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street dance also streetdance

noun [uncountable]

an informal style of dance involving a variety of moves, which is popular with young people and often developed in public spaces such as streets, clubs, playgrounds, etc.

street dancing

noun [uncountable]

street dancer

noun [countable]

'More boys than ever before are joining dance troupes as a street dance craze sweeps London.'

London Evening Standard 8th June 2009

'… Croft could have been fired by anger but he side stepped that suggestion with the skills of a man who in his youth studied contemporary, modern and street dancing. …'

London Evening Standard 9th June 2009

'Street dancers Flawless pulled off another eye popping routine to a medley of hits.'

Daily Star 26th May 2009

On 30th May 2009, dance group Diversity wowed British audiences with a stunning routine which sealed their victory in the popular UK TV show 'Britain's Got Talent'. In the aftermath of this breathtaking performance of synchronised and acrobatic movements, the expression street dance made a corresponding leap into the radar of the general public.

Street dance, also informally referred to as street, is an umbrella term which encompasses a range of dance styles characterised by descriptions such as hip hop, funk and breakdancing. Its eclectic nature has spawned a whole new street dance lexicon, including terms such as popping, locking, waving and krumping.

with the last surge of interest occurring in the 1980s, street dance has resurfaced during the last five years to enjoy a renewed popularity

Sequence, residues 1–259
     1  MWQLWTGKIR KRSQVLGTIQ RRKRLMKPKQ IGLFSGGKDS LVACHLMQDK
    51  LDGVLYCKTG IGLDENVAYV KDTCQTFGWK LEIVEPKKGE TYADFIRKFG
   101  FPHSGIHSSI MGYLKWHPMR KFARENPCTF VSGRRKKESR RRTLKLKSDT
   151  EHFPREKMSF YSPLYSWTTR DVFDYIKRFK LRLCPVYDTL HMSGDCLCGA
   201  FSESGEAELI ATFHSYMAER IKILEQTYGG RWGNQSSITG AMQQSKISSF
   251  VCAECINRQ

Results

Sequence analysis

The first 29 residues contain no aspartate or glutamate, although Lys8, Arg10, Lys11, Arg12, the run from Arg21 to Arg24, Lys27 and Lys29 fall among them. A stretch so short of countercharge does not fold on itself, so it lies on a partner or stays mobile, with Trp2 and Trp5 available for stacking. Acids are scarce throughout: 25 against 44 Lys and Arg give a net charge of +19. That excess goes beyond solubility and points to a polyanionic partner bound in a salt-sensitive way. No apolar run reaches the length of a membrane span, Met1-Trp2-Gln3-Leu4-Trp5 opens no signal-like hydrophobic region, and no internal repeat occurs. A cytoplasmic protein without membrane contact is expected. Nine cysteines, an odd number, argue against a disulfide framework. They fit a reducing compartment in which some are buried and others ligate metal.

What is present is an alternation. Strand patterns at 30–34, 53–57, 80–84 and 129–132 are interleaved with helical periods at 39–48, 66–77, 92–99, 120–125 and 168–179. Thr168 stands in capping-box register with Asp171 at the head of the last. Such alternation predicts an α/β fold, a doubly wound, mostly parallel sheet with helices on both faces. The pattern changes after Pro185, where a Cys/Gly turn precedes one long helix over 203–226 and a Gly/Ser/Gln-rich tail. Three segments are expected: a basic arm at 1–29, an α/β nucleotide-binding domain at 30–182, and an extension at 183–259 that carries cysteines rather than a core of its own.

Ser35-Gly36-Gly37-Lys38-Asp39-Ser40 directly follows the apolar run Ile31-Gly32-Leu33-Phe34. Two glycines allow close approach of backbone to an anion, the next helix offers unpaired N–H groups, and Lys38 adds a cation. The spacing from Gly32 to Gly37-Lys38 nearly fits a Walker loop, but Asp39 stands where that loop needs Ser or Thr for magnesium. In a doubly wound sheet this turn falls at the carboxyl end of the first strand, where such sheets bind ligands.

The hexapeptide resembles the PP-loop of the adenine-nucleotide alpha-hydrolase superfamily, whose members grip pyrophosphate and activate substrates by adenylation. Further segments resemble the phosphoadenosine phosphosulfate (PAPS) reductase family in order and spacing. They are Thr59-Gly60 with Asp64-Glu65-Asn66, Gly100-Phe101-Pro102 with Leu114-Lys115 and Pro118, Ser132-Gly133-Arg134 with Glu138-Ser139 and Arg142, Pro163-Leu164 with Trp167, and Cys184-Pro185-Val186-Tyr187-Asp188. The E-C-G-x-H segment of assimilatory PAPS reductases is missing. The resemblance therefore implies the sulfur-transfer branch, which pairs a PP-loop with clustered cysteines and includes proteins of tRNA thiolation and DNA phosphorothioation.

When a dancer pops, they jerk their body by quickly contracting and relaxing the muscles. The movements they make are correspondingly referred to as pops or hits. Locking refers to fast, exaggerated, movements which then freeze into a rigid position (a lock), whereas waving describes a more fluid style where movement appears to ripple through the limbs (as if a wave were traversing the dancer's body). Krumping is characterised by free, expressive and energetic movement of the arms, legs, chest and head. Proponents of these different styles can correspondingly be described as poppers, lockers, wavers and krumpers. If you'd like to see these street dance moves in action, check out the video in this article.

With the last surge of interest occurring in the 1980s, street dance has resurfaced during the last five years to enjoy a renewed popularity. Interest has been sparked primarily by television, especially through MTV music videos and advertisements using dance moves to sell products. Across the UK, dance studios have reported an increased demand for tuition, with more young people, especially more boys, participating in dancing classes than ever before.

Though the term street dance was already established within youth/dance culture, recent media interest in 'Britain's Got Talent' winners Diversity and rival group Flawless seems to have now planted the expression firmly into mainstream British English.

Background to street dance

Street dance, also more formally described as vernacular dance, originated in New York in the 1970s. Evolving on the streets of Manhattan and the Bronx, it was developed as an improvised, social dance form, reacting against traditional, high-art dance styles. Popular with African-Americans and Puerto-Ricans, street dance was used as an expression of resistance and cultural identity outside of the mainstream.

The energetic nature of street dance makes it popular with young people on a variety of levels, both as an art form, a competitive activity or for physical exercise. Some UK secondary schools are therefore beginning to introduce street dance as a form of physical education.

by Kerry Maxwell, author of Brave New Words

This article was first published on 17th June 2009.

Open Dictionary


a form of location that involves the underwater detonation of a bomb which causes sound waves that are picked up by ships

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